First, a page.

The Works of the Rev. Jonathan Swift/Volume 11/From Jonathan Swift to John Sterne - 4
YOU have put me under the necessity of writing you a very scurvy letter, and in a very scurvy manner. It is the want of horses, and not of inclination, that hinders me from attending on you at the chapter. But I would do it on foot to see you visit in your own right; but if I must be visited by proxy, by proxy I will appear. The ladies of St. Mary's delivered me your commands; but Mrs. Johnson had dropped half of them by the shaking of her horse. I have made a shift, by the assistance of two civilians, and a book of precedents, to send you the jargon annexed, with a blank for the name and title of any prebendary, who will have the charity to answer for me. Those words, gravi incommodo, are to be translated, the want of a horse. In a few days I expect to hear the two ladies lamenting the fleshpots of Cavan street. I advise them, since they have given up their title and lodgings of St. Mary's, to buy each of them a palfry, and take a squire, and seek adventures, I am here quarrelling with the frosty weather, for spoiling my poor half dozen of blossoms. Spes anni colapfa ruit: Whether these words be mine or Virgil's, I cannot determine. I am this minute very busy, being to preach to day before an audience of at least fifteen people, most of them gentle, and all simple.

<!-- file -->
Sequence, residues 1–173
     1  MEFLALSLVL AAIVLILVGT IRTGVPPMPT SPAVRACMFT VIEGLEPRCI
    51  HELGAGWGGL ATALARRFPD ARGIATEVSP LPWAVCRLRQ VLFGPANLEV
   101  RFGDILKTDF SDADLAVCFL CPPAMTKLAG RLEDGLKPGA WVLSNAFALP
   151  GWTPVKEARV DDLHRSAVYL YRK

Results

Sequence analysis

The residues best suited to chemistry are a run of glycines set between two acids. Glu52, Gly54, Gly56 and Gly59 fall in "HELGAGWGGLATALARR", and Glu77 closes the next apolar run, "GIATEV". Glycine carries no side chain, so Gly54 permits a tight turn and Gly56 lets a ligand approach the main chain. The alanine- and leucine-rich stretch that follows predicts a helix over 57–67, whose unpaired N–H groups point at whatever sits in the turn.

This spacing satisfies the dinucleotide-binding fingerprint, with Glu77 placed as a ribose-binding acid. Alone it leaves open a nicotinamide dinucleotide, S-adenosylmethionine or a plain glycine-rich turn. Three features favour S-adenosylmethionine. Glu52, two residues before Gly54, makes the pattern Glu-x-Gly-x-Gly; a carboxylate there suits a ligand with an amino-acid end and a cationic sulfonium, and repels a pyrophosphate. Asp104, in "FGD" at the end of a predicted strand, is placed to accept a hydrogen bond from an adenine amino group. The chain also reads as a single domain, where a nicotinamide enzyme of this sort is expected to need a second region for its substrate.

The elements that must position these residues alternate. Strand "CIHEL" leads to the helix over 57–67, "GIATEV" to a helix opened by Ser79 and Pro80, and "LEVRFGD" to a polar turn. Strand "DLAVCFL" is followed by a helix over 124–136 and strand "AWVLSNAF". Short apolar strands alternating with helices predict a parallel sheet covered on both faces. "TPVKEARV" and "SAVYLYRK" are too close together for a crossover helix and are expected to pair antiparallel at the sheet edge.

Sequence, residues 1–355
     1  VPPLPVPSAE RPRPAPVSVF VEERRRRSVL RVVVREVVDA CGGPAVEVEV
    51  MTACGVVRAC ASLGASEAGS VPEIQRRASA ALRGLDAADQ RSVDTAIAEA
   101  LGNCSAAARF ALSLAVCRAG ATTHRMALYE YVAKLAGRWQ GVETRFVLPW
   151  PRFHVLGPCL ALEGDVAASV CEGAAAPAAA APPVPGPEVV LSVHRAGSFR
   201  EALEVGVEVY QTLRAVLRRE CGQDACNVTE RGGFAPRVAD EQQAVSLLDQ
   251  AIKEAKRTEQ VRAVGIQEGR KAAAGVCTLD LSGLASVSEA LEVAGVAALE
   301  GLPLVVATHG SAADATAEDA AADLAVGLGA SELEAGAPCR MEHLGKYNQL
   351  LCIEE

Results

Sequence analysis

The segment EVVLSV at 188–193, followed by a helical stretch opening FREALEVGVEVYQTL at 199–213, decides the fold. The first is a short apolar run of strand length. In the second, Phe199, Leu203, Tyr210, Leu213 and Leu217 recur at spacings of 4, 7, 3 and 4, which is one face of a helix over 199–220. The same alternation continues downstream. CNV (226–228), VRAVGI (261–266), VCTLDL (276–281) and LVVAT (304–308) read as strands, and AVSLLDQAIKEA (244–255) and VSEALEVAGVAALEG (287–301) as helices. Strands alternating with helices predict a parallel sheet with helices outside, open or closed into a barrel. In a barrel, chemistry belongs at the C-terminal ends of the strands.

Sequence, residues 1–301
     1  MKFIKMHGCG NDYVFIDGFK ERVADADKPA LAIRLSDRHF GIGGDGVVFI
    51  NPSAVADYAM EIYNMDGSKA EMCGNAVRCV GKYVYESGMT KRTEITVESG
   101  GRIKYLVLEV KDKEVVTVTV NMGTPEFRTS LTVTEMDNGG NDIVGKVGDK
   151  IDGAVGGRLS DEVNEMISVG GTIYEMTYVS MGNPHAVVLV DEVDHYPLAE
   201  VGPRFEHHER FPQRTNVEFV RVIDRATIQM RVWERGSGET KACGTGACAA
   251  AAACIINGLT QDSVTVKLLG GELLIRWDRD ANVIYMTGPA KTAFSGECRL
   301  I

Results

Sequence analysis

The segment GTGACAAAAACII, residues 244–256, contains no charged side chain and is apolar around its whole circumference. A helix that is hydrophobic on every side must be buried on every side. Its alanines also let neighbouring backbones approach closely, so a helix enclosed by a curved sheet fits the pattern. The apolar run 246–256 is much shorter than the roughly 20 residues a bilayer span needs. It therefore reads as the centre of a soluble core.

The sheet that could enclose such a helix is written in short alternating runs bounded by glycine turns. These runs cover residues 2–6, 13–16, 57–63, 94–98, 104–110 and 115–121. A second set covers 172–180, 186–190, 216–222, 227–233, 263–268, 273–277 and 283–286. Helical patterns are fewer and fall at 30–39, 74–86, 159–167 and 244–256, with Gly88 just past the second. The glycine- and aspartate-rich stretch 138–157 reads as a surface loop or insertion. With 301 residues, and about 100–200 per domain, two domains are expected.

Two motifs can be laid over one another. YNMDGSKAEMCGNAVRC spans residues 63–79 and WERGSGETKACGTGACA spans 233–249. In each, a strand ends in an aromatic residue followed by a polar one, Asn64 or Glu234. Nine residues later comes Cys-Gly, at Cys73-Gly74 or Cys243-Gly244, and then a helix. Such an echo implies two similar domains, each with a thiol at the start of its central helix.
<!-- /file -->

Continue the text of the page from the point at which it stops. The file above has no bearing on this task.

I can send you no news; only the employment of my parishioners may, for memory-sake, be reduced under these heads, Mr. Percivall is ditching; Mrs. Percivall in her kitchen; Mr. Wesley switching; Mrs. Wesley stitching; sir Arthur Langford riching, which is a new word for heaping up riches. I know no other rhyme but bitching, and that I hope we are all past. Well, sir, long may you live the hospitable owner of good Bits, good Books, and good Buildings. The bishop of Clogher would envy me for those three Bes. I am your most obedient, humble servant,